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The future is here, with the production of a new generation of technologies that will allow users to interact with computing devices that are worn by the bearer under, with or on top of clothing. The introduction of smart watches and glasses bring upon economic, social and personal effects that will revolutionize the human experience.
The use of technology has greatly expanded out of the workplace into users’ daily lives. Now the integration of human experience and wearable computing will allow users to enhance each experience. This new wave of technologies will ignite an explosion of innovation which will be the key to advancement for mankind, led by authorities in the field:
* Cosmin Laslau, Analyst, Lux Research
* Dirk Schapeler, Chief Executive Office, ViviTouch
* Edgar Perez, Editor, Wearable Computing Review
* Lisa Eadicicco, Staff Writer, LAPTOP Magazine
* Qaizar Hassonjee, Vice President of Innovations, adidas Wearable Sports Electronics
* Rob Rueckert, Managing Director, New Devices and Wearables Group, Intel Capital
* Scott N. Schober, President and CEO, Berkeley Varitronics Systems
* Sonny Vu, Founder, Misfit Wearables
* More to be confirmed
EET India reports that Thalmic Labs Inc. has closed a Rs.77.96 crore ($14.5 million) Series A financing round led by Spark Capital and Intel Capital. According to Stephen Lake, CEO and co-founder of Thalmic Labs, the funding will be used for the continuous growth and product development of its MYO devices and other future products.
“This new investment will help us realise our vision of a new era of computing, where the lines between humans and digital technology become increasingly blurred,” Lake added.
MYO is an armband that wirelessly controls your computer, phone, and other digital devices. Since its announcement of MYO, Thalmic Labs has seen rapid traction from technology enthusiasts around the world. In less than three months, pre-orders have been received for over 30,000 units from customers in 138 countries.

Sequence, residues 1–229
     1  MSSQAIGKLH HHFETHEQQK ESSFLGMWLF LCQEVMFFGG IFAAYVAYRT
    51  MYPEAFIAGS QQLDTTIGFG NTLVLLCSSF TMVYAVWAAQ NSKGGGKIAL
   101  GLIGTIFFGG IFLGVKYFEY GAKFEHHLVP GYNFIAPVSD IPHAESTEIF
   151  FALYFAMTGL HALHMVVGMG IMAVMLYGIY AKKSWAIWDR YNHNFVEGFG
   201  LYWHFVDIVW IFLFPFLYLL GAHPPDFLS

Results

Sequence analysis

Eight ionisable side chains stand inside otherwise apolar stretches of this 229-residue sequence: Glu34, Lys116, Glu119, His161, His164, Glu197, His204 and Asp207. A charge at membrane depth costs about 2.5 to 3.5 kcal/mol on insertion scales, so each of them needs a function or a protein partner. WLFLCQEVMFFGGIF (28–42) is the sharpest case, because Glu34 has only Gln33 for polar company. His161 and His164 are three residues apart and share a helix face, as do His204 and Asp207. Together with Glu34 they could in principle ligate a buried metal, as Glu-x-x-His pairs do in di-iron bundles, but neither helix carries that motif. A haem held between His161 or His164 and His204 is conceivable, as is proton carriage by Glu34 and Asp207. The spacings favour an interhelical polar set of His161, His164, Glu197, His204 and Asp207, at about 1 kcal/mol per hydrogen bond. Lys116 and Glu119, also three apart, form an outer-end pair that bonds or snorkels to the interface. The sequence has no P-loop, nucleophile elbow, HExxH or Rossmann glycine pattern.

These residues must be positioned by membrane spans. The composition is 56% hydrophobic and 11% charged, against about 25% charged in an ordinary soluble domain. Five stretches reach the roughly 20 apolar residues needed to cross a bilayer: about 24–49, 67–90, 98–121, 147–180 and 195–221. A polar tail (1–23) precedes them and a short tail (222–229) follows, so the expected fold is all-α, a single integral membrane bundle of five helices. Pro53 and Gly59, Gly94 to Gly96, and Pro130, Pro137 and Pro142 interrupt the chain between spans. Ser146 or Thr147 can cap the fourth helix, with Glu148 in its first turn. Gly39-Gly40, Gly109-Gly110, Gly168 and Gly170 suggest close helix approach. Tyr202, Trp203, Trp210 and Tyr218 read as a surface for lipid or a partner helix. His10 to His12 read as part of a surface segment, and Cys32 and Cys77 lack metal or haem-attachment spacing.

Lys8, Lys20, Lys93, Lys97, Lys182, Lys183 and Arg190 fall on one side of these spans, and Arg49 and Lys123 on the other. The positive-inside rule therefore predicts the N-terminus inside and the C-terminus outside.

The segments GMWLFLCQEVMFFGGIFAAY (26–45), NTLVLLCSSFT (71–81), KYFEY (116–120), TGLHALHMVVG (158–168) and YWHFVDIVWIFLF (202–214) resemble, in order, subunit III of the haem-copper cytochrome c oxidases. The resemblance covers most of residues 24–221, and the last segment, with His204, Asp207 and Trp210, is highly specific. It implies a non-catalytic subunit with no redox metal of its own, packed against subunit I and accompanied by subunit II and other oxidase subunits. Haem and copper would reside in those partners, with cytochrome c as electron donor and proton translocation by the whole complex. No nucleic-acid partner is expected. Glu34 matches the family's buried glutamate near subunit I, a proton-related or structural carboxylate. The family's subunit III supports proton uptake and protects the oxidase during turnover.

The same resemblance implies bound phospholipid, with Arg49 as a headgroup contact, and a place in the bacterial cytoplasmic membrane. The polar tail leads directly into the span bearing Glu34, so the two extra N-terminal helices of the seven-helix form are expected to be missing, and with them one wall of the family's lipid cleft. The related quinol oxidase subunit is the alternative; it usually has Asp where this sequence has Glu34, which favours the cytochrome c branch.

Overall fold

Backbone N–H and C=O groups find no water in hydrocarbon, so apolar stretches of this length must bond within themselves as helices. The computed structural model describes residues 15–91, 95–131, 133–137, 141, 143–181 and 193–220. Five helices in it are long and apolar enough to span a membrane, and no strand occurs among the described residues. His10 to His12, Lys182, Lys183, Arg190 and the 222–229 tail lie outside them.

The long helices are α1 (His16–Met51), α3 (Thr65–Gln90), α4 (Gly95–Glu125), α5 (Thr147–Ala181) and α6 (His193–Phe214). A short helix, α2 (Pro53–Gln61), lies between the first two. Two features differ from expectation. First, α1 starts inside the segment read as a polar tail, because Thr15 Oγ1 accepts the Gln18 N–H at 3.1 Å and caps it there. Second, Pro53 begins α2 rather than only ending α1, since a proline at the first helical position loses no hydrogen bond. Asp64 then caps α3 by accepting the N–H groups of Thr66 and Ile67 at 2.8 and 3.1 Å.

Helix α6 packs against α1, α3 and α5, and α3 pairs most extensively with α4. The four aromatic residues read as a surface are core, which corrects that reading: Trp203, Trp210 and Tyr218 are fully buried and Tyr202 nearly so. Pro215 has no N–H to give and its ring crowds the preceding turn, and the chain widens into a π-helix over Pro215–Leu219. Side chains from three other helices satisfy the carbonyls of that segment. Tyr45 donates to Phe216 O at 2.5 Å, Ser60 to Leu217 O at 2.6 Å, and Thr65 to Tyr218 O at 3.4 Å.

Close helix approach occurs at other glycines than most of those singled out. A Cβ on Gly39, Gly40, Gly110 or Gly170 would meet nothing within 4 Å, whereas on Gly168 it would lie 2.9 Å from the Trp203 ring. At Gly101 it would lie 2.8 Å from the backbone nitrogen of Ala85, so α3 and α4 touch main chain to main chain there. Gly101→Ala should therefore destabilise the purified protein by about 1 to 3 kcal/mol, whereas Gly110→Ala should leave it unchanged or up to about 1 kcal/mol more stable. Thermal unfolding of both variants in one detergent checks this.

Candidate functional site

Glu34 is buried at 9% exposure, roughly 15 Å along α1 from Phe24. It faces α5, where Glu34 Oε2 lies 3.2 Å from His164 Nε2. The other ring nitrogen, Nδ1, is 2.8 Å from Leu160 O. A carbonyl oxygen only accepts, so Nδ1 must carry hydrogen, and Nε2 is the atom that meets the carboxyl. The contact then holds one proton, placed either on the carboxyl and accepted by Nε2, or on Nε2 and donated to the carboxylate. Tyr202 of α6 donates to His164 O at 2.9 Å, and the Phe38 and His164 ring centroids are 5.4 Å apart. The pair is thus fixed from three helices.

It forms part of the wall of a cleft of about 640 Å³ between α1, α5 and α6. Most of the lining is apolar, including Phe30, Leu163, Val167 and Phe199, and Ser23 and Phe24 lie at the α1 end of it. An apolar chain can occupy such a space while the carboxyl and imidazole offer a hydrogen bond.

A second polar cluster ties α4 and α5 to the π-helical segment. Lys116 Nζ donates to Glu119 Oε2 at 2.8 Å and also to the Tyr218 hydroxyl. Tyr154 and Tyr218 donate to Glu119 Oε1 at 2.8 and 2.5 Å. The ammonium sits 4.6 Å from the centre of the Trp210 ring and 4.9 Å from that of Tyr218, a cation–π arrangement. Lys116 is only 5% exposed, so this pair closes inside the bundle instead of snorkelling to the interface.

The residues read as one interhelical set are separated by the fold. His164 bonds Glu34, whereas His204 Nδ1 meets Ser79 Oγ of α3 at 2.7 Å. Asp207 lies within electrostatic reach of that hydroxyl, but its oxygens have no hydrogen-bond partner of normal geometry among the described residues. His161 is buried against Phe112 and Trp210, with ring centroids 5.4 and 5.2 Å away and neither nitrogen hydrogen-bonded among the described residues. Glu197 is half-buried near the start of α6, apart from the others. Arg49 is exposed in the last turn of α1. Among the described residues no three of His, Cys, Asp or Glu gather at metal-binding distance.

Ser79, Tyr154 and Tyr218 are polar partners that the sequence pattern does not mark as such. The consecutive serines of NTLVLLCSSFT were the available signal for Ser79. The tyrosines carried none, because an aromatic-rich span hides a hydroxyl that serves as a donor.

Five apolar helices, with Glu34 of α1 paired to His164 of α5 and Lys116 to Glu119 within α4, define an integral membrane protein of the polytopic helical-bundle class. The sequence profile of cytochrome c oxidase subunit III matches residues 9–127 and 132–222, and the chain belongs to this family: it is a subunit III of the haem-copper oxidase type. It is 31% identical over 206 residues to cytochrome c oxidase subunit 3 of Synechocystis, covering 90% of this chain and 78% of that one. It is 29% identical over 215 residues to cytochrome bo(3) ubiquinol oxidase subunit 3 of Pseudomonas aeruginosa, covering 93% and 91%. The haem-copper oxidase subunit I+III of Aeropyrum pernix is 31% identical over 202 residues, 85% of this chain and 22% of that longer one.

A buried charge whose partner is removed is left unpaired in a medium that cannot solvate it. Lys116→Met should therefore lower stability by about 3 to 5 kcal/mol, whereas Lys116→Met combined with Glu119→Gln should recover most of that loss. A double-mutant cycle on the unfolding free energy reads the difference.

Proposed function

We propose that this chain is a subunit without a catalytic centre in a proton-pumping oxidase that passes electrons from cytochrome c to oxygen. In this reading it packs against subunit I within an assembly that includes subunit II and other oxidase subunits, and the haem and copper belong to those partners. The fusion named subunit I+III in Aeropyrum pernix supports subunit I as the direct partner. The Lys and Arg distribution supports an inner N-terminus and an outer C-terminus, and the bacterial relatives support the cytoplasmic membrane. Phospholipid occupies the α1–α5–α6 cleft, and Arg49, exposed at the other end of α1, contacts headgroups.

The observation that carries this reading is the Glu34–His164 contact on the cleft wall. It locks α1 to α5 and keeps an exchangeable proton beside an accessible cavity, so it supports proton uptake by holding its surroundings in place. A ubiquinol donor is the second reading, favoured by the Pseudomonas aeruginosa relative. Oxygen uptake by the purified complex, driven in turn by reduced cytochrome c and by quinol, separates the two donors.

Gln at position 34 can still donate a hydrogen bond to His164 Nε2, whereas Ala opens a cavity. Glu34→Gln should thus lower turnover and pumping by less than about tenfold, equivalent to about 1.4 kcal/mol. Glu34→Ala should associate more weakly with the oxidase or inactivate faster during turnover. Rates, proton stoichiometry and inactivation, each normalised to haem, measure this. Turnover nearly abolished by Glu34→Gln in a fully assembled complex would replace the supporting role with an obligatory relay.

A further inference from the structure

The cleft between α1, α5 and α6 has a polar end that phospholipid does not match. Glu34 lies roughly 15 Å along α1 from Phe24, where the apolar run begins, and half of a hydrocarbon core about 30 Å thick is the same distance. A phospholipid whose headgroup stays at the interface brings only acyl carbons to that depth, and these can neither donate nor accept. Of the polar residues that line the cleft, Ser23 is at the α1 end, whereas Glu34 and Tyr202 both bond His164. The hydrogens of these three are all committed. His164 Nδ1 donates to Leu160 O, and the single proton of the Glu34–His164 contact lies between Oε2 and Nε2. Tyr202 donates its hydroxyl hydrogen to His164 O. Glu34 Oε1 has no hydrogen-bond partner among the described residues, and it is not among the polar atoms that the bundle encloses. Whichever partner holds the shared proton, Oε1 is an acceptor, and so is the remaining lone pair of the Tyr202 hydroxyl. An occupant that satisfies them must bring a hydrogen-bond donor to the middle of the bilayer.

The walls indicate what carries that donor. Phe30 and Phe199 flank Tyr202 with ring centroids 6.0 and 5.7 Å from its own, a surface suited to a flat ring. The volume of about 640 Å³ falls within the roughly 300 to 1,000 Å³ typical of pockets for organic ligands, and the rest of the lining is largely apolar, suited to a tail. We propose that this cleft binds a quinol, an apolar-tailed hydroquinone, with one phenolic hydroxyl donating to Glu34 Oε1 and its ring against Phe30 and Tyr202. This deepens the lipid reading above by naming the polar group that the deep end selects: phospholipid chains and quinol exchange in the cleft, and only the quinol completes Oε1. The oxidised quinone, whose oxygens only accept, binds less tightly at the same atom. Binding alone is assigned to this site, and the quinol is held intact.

Shona Ghosh reports that wearable tech will be a “revolution” for mobile computing – but it’ll come from consumers owning “hundreds” of smaller smart devices rather than a single one such as Google Glass.
That’s according to hosting firm Rackspace, which says the “real revolution” in wearable tech will be when everything in a consumer’s wardrobe acts as a smart device, such as trainers that track your running patterns.
“Google Glass is an interesting innovation – but the real revolution is not wearable glasses, it’s in my wardrobe, my drawers, the items in my life,” technology VP Nigel Beighton told PC Pro. “Whether that’s my underwear or my running shoes, my hi-fi or my pens, it’s about all of those being enabled. We’re talking about those being able to sense and build data.”
Sophie Curtis reports that research has revealed that 8 million people in Britain are already using wearables.
Wearable technology is widely predicted to be the next big wave in mobility, with innovations like the Pebble watch and Google Glass providing a glimpse of what the future could look like. But new research has revealed that 8 million people in Britain are already using wearables, and 16 million are planning to use them when they become more widely available.
Of those that are already using the wearable technology in Britain, 71 percent believe that it has enhanced their lives, according to the survey of 4,000 adults carried out by the University of London on behalf of Rackspace. Users in the US are even more enthusiastic, with 82 percent of those surveyed claiming the same.
According to Celia Brown, it’s been six months since I made the cliché New Year’s Resolution … lose weight, get in shape – you know the drill. This is an annual event for millions of us who sign up for Weight Watchers and gym memberships in early January and are back to former routines by February.
Matthew Belvedere reports that wearable technology will have a “huge impact” on our lives in the next five to 10 years, and Apple will have an advantage in this arena, former Apple CEO John Sculley told CNBC on Monday.
“I think we’re at the beginning of o sensor revolution,” he said in a “Squawk Box” interview. “Wearables are about the passive ability of sensors to be able to monitor lots of different kinds of things.”
Sculley, co-founder of Misfit Wearables, was CEO of Apple from 1983 to 1993.